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“If stories come to you, care for them. And learn to give them away where they are needed. Sometimes a person needs a story more than food to stay alive.”
—Barry Lopez
(as Badger, in Crow and Weasel)


To be nobody but yourself -- in a world which is doing its best, night and day, to make you like everybody else -- means to fight the hardest battle which any human being can fight, and never stop fighting.
- e. e. cummings


Joyous Shouts

------ It was the end of a long day of concerts, rehearsals, and clinics. I was very tired and part of me said that I’d seen and experienced enough for one day. It would have been just fine to simply go back to the hotel and call it a day. Recalling other times when I’d made a similar decision, only to have my colleagues rave about what I’d missed, I decided there had to be a reason why the convention organizers had place the University of Texas Wind Ensemble in the prime slot at the end of the first full day. So I mustered the energy to climb to my favorite location in the upper balcony of the Lila Cockrell theatre in San Antonio, Texas.
------ Looking at the program, I recognized the first three pieces. Routine enough, I’d heard them all before; it wasn’t too late to call it a night. But reading the name of the composer of the piece that would end the program made me realize I was in the right place.
------ David Maslanka had instantly become one of my favorite composers a few years prior at this same convention. At that time, my alma mater presented the premiere performance of one of his pieces, “In Memoriam,” dedicated to the memory of my former conductor’s wife who’d lost her battle with cancer. Having known her well, I was inspired and impressed by the way Maslanka had managed to capture her spirit. He had used her favorite hymn as the theme, but the way he treated it was extraordinary. I was present when he congratulated the ensemble on their performance and was touched by the way he spoke to them. It was obvious to me then that this man wrote much more than music.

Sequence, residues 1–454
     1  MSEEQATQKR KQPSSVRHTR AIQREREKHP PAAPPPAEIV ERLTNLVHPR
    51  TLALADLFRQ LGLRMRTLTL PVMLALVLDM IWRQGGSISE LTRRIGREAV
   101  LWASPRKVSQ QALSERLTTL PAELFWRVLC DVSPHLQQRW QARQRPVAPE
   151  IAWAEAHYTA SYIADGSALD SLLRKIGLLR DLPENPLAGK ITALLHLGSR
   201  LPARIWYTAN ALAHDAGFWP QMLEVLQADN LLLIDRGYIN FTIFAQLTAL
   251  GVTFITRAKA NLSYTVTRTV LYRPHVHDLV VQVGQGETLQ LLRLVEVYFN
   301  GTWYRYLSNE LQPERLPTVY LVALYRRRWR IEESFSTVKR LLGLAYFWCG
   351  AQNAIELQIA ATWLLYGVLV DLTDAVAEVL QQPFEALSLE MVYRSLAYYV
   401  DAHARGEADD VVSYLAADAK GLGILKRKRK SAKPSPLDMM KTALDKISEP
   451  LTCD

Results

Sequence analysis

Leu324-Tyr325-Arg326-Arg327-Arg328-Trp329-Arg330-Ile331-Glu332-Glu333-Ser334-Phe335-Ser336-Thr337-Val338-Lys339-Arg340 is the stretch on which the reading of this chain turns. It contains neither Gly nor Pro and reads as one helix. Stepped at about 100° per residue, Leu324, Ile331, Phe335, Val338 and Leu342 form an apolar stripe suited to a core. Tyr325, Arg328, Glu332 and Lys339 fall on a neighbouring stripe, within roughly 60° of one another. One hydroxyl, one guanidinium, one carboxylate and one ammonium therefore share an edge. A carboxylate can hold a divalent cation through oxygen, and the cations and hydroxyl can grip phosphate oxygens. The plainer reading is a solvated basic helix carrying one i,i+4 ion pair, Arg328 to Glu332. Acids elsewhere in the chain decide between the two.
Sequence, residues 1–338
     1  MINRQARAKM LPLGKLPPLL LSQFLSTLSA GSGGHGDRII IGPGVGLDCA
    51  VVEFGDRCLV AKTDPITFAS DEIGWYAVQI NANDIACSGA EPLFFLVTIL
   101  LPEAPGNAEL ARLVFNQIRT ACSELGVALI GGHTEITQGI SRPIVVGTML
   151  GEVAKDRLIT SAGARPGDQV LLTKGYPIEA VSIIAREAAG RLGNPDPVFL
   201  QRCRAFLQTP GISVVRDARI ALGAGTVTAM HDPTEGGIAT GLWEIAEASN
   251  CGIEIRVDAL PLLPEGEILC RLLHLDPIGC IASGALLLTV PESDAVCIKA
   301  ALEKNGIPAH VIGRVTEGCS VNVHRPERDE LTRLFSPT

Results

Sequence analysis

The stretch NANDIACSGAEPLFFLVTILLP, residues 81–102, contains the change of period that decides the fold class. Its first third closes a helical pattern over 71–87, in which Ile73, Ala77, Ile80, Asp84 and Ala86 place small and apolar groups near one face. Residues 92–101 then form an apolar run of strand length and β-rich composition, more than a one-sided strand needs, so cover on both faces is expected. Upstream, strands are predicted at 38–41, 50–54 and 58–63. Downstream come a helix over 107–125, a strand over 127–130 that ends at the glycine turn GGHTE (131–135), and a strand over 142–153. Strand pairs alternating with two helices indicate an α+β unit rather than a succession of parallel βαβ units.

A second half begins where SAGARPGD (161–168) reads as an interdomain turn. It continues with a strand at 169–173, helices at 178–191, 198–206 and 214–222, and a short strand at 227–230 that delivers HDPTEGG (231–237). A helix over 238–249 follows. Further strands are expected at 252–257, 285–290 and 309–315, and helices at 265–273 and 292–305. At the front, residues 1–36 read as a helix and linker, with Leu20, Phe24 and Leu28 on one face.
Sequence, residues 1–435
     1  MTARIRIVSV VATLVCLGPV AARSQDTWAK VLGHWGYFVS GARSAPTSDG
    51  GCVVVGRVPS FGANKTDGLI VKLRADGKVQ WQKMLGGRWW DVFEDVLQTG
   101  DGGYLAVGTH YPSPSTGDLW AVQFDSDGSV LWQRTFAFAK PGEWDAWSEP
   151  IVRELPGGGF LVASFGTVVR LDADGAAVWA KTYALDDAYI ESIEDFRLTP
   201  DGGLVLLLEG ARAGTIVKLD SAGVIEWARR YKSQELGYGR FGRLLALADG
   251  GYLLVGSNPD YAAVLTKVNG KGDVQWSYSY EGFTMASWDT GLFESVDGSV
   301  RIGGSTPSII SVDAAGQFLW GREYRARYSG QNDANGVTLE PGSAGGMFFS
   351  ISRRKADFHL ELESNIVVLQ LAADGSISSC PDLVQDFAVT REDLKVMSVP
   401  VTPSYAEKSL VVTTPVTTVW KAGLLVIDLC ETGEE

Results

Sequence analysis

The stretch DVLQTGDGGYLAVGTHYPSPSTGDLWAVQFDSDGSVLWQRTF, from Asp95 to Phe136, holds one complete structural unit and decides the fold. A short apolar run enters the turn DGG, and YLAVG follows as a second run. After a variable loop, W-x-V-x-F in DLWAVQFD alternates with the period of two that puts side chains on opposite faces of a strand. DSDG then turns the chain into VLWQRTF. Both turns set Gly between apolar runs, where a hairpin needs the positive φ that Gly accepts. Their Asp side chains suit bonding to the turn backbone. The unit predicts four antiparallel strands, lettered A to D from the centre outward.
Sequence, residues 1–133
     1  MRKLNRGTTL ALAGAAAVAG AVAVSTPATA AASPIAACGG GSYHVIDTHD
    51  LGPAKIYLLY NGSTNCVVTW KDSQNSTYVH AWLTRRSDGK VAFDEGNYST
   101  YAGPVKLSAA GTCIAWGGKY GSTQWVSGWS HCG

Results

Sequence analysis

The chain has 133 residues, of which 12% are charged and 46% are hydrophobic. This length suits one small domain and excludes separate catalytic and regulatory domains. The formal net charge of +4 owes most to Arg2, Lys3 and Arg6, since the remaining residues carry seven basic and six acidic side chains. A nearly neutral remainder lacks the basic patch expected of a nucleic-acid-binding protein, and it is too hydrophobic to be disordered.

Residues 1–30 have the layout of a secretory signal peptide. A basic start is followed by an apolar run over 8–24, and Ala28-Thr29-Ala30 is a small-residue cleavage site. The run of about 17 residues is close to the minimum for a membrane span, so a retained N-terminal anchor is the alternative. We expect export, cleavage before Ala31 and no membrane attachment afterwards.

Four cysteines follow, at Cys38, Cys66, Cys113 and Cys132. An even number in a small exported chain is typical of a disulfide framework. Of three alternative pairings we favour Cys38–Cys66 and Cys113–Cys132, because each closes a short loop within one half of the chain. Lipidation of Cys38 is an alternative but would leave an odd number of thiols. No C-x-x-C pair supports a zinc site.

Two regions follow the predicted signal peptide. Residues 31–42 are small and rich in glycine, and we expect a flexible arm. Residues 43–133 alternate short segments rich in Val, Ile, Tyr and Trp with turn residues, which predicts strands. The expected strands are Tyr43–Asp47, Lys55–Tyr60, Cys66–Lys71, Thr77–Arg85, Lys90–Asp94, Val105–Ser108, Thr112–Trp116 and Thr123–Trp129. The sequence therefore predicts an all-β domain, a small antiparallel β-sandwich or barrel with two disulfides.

------ I did not arrive at the concert early enough to read the quite lengthy program notes that Maslanka had written to describe the inspiration behind his “Symphony No. 4.” Later this would prove to be fortuitous.
------ Very early in the piece it was clear that he had chosen a hymn tune once again. The Doxology, “Old One-Hundredth,” was woven throughout the piece. It also became very clear that there could be no all-inclusive central idea behind the piece. It shifted between moods and styles like no other piece I’d ever heard. Time after time the piece would build to a climax so magnificent that it surely marked the end, only to come down again, beginning anew. At one point I recall becoming completely overtaken by the music as chills raced up and down my legs and back. I remember feeling the joy expressed in the music and thinking that it reminded me of those times in my life when I have been so overcome with joy that I wanted to shout and leap, only to discover that there was no volume loud enough or no height high enough to adequately express myself. The music seemed to be experiencing the same difficulty – what a glorious and joyous difficulty.